Norrgård MA, Mannervik B
J. Mol. Biol. 412 (1) 111-120 [2011-09-09; online 2011-08-09]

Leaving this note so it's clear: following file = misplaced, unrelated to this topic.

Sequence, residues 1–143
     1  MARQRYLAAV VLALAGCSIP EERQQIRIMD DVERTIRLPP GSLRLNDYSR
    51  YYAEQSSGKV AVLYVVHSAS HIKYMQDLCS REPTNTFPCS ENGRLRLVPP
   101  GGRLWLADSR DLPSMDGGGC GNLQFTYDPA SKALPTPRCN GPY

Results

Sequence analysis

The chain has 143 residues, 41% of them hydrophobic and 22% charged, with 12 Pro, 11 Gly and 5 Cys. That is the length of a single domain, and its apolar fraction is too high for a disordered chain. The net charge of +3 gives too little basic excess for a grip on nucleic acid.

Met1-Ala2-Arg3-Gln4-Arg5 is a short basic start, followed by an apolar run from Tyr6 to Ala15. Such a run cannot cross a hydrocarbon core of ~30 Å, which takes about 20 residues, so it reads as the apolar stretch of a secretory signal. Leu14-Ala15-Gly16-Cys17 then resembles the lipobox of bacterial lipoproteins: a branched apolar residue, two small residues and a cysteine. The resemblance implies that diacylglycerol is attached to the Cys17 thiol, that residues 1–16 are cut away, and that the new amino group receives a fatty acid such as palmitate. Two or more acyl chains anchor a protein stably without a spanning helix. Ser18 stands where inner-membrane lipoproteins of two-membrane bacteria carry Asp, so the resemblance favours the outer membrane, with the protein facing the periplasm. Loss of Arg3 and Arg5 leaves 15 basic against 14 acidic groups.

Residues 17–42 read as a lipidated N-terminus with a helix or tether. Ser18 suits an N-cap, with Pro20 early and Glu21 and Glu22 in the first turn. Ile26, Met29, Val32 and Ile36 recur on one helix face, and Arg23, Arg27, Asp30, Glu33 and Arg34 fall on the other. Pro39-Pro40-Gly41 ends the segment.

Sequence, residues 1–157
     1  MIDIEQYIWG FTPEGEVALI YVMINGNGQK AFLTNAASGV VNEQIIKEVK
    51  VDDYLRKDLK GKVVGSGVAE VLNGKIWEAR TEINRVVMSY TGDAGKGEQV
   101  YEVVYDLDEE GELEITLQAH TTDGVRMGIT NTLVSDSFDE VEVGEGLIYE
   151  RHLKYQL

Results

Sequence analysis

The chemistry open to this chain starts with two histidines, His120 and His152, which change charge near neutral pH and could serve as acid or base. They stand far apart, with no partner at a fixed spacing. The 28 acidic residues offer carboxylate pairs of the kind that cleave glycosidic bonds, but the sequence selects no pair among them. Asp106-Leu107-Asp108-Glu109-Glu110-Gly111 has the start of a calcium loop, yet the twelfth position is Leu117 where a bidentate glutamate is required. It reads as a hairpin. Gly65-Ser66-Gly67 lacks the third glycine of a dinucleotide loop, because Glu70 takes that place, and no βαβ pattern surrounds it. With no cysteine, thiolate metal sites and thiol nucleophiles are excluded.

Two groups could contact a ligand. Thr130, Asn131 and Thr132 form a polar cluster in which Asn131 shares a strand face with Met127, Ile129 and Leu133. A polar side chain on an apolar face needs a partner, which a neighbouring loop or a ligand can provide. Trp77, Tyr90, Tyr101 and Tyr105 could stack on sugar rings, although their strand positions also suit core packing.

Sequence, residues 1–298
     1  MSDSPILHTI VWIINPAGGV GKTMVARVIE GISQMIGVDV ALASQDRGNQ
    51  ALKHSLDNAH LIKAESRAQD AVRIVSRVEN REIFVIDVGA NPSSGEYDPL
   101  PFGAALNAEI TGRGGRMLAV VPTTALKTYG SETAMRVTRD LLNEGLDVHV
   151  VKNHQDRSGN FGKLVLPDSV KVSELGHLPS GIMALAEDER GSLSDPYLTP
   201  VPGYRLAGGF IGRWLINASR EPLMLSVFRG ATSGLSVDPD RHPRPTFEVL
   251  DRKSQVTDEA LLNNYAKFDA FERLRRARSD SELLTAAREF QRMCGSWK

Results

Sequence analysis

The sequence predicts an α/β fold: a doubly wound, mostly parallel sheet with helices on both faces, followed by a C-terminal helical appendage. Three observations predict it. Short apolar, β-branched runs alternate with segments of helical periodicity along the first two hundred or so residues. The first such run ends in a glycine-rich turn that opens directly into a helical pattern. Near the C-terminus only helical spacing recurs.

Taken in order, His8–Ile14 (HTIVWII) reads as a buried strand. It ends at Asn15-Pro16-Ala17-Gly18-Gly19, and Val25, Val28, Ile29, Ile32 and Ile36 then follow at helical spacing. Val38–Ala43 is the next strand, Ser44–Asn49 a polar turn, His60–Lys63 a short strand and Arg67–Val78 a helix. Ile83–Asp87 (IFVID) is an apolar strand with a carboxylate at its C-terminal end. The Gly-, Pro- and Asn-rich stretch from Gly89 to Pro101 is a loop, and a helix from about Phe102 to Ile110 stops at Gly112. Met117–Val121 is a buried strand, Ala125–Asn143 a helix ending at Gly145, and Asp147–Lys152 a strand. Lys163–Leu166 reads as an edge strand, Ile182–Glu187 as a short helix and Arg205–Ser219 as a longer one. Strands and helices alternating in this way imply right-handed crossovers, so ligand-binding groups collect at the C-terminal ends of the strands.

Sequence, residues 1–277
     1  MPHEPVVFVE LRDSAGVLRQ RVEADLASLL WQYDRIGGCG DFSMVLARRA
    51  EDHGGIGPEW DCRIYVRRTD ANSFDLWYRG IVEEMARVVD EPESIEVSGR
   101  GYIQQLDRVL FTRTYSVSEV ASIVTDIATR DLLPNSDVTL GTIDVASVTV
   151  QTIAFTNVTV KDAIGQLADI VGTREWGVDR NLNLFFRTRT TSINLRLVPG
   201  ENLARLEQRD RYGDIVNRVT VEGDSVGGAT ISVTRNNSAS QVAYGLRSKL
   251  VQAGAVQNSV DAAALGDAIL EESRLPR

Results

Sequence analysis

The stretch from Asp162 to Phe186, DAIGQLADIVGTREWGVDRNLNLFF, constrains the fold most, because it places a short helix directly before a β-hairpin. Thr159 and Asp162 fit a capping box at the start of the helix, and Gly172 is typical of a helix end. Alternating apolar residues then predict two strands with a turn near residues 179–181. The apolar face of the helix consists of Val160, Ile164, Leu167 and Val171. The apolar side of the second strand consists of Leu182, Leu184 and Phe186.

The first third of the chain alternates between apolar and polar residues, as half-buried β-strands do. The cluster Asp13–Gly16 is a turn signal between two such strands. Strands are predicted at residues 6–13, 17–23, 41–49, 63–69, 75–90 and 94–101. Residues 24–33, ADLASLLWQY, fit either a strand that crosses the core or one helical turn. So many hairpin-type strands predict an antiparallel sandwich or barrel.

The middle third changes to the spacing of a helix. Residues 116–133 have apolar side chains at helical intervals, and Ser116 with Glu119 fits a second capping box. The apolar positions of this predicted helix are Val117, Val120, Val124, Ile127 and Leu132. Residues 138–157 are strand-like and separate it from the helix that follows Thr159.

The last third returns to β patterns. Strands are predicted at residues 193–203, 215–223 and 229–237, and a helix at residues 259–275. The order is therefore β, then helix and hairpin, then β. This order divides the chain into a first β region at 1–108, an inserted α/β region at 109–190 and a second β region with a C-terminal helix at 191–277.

The substrate-binding H-site of human glutathione transferase (GST) M2-2 was subjected to iterative saturation mutagenesis in order to obtain an efficient enzyme with the novel epoxide substrate indene 1,2-oxide. Residues 10, 116, and 210 were targeted, and the activities with the alternative substrates, benzyl isothiocyanate and the prodrug azathioprine, undergoing divergent chemical reactions were monitored for comparison. In general, increased activities were found when the smaller residues Gly, Ser, and Ala replaced the original Thr210. The most active mutant T210G was further mutated at position 116, but no mutant showed enhanced catalytic activity. However, saturation mutagenesis of position 10 identified one double mutant T210G/I10C with 100-fold higher specific activity with indene 1,2-oxide than wild-type GST M2-2. This enhanced epoxide activity of 50 μmol min(-1) mg(-1) resulted primarily from an increased k(cat) value (70 s(-1)). The specific activity is 24-fold higher than that of wild-type GST M1-1, which is otherwise the most proficient GST enzyme with epoxide substrates. A second double mutant T210G/I10W displayed 30-fold increased activity with azathioprine, 0.56 μmol min(-1) mg(-1). In both double mutants, the replacement of Ile10 led to narrowed acceptance of alternative substrates. Ile10 is evolutionarily conserved in related class Mu GSTs. Conservation usually indicates preservation of a particular function, and in the Mu class, it would appear that the conserved Ile10 is not necessary to maintain catalytic functions but to prevent loss of broad substrate acceptance. In summary, our data underscore the facile transition between alternative substrate selectivity profiles in GSTs by a few mutations.